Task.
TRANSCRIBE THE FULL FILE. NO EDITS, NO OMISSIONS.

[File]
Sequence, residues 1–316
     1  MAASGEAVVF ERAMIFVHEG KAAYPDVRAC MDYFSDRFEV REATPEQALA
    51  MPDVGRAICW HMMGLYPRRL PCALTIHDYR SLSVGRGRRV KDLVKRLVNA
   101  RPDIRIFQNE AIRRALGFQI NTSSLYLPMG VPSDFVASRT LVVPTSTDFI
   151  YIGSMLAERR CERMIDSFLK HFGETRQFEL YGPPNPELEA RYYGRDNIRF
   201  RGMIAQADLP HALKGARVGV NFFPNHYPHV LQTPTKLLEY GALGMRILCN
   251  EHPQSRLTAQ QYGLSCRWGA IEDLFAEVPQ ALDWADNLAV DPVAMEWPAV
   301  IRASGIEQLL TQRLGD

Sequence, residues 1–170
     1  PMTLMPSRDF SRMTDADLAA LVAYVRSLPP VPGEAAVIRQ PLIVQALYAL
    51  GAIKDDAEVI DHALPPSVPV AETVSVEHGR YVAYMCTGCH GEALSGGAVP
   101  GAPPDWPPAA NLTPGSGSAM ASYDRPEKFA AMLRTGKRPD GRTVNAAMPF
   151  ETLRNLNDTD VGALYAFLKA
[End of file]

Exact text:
Sequence, residues 1–316
     1  MAASGEAVVF ERAMIFVHEG KAAYPDVRAC MDYFSDRFEV REATPEQALA
    51  MPDVGRAICW HMMGLYPRRL PCALTIHDYR SLSVGRGRRV KDLVKRLVNA
   101  RPDIRIFQNE AIRRALGFQI NTSSLYLPMG VPSDFVASRT LVVPTSTDFI
   151  YIGSMLAERR CERMIDSFLK HFGETRQFEL YGPPNPELEA RYYGRDNIRF
   201  RGMIAQADLP HALKGARVGV NFFPNHYPHV LQTPTKLLEY GALGMRILCN
   251  EHPQSRLTAQ QYGLSCRWGA IEDLFAEVPQ ALDWADNLAV DPVAMEWPAV
   301  IRASGIEQLL TQRLGD

Sequence, residues 1–170
     1  PMTLMPSRDF SRMTDADLAA LVAYVRSLPP VPGEAAVIRQ PLIVQALYAL
    51  GAIKDDAEVI DHALPPSVPV AETVSVEHGR YVAYMCTGCH GEALSGGAVP
   101  GAPPDWPPAA NLTPGSGSAM ASYDRPEKFA AMLRTGKRPD GRTVNAAMPF
   151  ETLRNLNDTD VGALYAFLKA